Tag archives for minimum wage
Reporters investigate the man whose research is used to deny veterans’ claims about Agent Orange exposure; former Massey Energy CEO Don Blankenship goes back to court to appeal his conviction; voters in five states will cast ballots on raising the minimum wage; and OSHA’s new worker retaliation rules are delayed.
Oklahoma Supreme Court rules against state’s opt-out workers’ compensation law; asbestos removal companies accused of discriminatory hiring; new research finds New York City’s paid sick leave law barely impacted businesses and hiring; and researchers predict that raising Colorado’s minimum wage will pump millions into the local economy.
Restaurant workers in California experience severe injuries and disability; OSHA pushes back against a judge’s ruling in poultry plant inspection case; Gov. Chris Christie vetoes a $15 minimum wage bill; and the women making Nike products in Vietnam often earn poverty wages and face grueling production expectations.
Slate investigates a little-used Fair Labor Standards Act provision that could improve conditions for farmworkers; Syrian child refugees face exploitation in Turkey’s textile industry; OSHA cites a Wisconsin shipyard for exposing workers to high levels of lead; and researchers offer new insights into the effects of Seattle’s $15 minimum wage law.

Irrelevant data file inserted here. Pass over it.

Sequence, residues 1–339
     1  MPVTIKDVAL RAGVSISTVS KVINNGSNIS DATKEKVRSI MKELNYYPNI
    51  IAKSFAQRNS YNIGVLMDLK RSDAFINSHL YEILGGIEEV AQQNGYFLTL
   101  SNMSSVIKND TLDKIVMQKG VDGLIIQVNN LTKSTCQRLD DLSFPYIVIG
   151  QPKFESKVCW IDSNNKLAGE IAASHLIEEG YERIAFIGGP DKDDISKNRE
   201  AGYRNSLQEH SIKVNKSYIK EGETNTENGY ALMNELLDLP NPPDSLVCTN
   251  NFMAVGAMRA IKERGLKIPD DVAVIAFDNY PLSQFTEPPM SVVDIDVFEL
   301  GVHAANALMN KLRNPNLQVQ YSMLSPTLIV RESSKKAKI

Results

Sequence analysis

Reveal investigates the toll of nuclear testing on the country’s “atomic vets”; federal labor officials propose new mining safety rules; D.C. officials vote in support of a $15 minimum wage; and an Amazon employee writes a first-person account from inside one of the company’s warehouses.
A ‘hidden’ workforce of foreign workers at a Tesla plant in California; Illinois legislators pass a domestic workers bill of rights; Congress uses a spending bill to weaken safety rules for truckers; and lawsuits over workplace leave policies spike way up.
Hardly a day goes by lately without another story on companies like Uber and their model of classifying workers as independent contractors while treating them more like traditional employees and sidestepping traditional employer responsibilities. It’s a model that has serious implications for workers’ rights and wages. However, there’s another form of employment that may be even more damaging to hard-fought labor standards: subcontracting.
Workers inside Donald Trump’s Las Vegas hotel speak up about wages and conditions; New York’s governor sides with farmworkers in right to organize; reporters investigate the lack of women coaches in college sports; and Uber agrees to a workers guild with very limited power.